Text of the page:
Should the Senate confirm Trump’s Supreme Court nominee?

The death of Supreme Court Justice Ruth Bader Ginsberg, a liberal icon, has created an opportunity for U.S. President Donald Trump to add another Justice to the nation’s highest court.

Trump nominated Amy Coney Barett, a staunchly conservative legal scholar, and an appellate court judge. If confirmed, she’ll be the third Justice appointed by Donald Trump, an impressive number in less than 4 years considering both Barack Obama and George W. Bush just added two justices each in their 8-year terms.

The Senate is currently controlled by the Republican party, which holds a 53 majority in the chamber. They have pledged to confirm Ms. Barett to the Supreme Court, all but guaranteeing her seat on the bench.

But should the Senate Republicans confirm a new justice less than a month before the election? In normal circumstances, yes. But this is no ordinary time. And her confirmation could have serious consequences to the nation’s highest court.

First, there is nothing in the law that prohibits the Senate Republicans from confirming a justice just because it’s close to an election. The real question whether they should do it.

In order to solve this question, we need to go back to 2016, when Justice Antonin Scalia suddenly passed away. Scalia was a highly respected conservative justice in the Republican party. And his passing immediately prompted panic within the conservative movement.

Republican senators including Senate Majority Leader Mitch McConnell and Senator Lindsey Graham, now the Chairman of the Senate Judiciary Committee, pledged to block then-President Obama’s nominee. Their reasoning was that because it was an election year, they should wait until after the election to give the voters a voice in judicial nomination.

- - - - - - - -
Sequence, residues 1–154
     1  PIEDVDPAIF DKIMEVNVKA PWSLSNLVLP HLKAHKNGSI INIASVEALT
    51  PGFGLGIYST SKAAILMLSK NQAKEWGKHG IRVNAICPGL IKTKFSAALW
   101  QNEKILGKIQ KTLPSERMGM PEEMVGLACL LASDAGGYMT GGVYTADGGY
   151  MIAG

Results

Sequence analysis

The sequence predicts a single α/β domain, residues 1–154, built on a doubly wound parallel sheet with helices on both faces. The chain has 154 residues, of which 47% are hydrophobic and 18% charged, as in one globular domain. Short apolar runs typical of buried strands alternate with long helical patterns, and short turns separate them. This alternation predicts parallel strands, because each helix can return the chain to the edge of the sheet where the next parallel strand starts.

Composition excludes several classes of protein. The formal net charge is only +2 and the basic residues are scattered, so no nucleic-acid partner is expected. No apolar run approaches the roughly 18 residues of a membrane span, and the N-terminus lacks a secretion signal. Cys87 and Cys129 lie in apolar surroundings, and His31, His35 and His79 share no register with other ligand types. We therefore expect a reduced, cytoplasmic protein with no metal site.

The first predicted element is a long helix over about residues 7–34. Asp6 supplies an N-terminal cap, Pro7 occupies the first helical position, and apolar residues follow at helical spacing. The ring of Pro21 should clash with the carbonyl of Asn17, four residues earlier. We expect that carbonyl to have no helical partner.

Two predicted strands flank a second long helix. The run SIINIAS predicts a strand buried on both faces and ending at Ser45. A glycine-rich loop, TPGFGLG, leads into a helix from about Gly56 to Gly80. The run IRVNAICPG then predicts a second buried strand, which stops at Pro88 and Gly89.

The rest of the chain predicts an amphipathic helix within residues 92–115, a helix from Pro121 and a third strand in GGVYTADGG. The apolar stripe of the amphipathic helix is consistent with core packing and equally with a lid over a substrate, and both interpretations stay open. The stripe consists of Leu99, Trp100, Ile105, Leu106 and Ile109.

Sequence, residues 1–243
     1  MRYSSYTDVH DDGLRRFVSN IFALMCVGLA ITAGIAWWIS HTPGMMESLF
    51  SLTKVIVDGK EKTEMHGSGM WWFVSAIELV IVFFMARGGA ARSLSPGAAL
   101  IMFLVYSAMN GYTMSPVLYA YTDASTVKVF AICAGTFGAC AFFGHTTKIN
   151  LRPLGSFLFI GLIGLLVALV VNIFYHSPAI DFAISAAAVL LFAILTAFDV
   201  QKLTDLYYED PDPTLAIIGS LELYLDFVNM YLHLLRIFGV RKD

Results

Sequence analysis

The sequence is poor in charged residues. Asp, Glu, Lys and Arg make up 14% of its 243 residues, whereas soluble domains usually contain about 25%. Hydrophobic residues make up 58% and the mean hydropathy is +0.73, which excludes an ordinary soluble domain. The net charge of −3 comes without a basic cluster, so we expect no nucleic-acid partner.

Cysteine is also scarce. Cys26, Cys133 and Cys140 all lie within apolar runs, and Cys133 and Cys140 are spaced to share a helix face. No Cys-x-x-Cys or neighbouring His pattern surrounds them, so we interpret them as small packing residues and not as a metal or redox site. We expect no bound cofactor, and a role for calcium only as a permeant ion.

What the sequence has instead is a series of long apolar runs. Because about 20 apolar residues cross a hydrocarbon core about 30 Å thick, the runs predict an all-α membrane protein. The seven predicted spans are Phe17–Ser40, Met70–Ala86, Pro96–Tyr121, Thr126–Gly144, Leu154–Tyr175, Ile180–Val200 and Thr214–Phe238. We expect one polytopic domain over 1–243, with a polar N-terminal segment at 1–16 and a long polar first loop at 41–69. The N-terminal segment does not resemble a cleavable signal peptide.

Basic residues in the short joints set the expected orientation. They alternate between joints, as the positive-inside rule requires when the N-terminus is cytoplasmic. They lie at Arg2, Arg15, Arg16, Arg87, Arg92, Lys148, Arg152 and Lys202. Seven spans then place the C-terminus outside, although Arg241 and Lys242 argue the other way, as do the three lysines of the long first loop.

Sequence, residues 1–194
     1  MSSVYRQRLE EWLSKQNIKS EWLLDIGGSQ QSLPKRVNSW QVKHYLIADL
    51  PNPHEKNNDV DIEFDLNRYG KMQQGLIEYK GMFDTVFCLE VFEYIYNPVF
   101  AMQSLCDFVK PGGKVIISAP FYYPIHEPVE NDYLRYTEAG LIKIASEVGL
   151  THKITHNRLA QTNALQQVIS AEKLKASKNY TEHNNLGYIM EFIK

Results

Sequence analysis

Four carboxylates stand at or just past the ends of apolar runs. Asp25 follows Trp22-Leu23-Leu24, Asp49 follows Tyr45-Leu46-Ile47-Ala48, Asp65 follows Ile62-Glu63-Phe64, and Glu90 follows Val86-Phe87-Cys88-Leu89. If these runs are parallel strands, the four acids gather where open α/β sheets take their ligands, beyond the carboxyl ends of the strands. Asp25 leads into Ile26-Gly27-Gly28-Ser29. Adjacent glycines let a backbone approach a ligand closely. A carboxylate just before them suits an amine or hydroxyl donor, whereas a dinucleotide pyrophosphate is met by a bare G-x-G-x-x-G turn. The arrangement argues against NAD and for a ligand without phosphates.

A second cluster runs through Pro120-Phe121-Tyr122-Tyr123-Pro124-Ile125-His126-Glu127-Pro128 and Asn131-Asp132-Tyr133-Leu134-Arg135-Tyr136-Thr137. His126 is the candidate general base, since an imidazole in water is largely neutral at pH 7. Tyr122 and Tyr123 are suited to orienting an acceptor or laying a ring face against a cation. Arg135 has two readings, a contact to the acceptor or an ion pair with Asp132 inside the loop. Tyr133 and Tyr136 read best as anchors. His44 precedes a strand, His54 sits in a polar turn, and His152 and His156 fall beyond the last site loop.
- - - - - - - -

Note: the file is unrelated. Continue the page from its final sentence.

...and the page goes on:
Now, the Senate Republicans are walking back their words and ignoring the call of hypocrisy. If, however, the Senate Republicans are not afraid of being called hypocrites, and that seems to be the case, then why shouldn’t they confirm Ms. Barett? After all, they are not breaking any law, just their words.

The Judiciary branch is a somewhat unique branch of the government in that, it does not have the mandate of the people. President is elected by the voters. So are Senators and Congressmen and Congresswomen. But justices and judges were just nominated by Presidents and confirmed by Senators. Citizens’ voice is not necessarily reflected in judicial nomination.

Unlike the other two branches which are legitimized by the voters, the judiciary brach’s legitimacy completely depends on how people perceive the court. If people lose faith in the selection process of Justices on the Supreme Court that will ultimately lead to its rulings not being respected.

The risk is especially high in this election given the uncertainties over mail-in ballots and already frequent court battles. These battles are fought in the lower courts but could be taken to the Supreme Court.

One plausible scenario is that Trump wins on in-person voting then sues to block mail-in ballots from being tallied. Trump’s new Supreme Court nominee could be the deciding vote to give the Presidency to Trump. If this happens, the Supreme Court will forever lose legitimacy.

Another possible scenario is that Biden wins the Presidency and the Democratic Party takes back control of the Senate. They pass a new healthcare bill but are blocked by the Supreme Court just as the Affordable Care Act was almost struck down by the Court. Democrats will be left with no choice but to expand the number of Supreme Court Justices. In this case, conservatives will lose faith in the Supreme Court.

The only way to avoid this is for the Senate Republicans to act responsibly and offer some kind of a deal to the Senate Democrats. They can, for example, promise not to fill the seat until the next President is inaugurated and in return, make the Democrats commit to not expanding the Court should they win the White House and the Senate.

Such an offer will deescalte the tension and stop the rapid politicalization of the Supreme Court.

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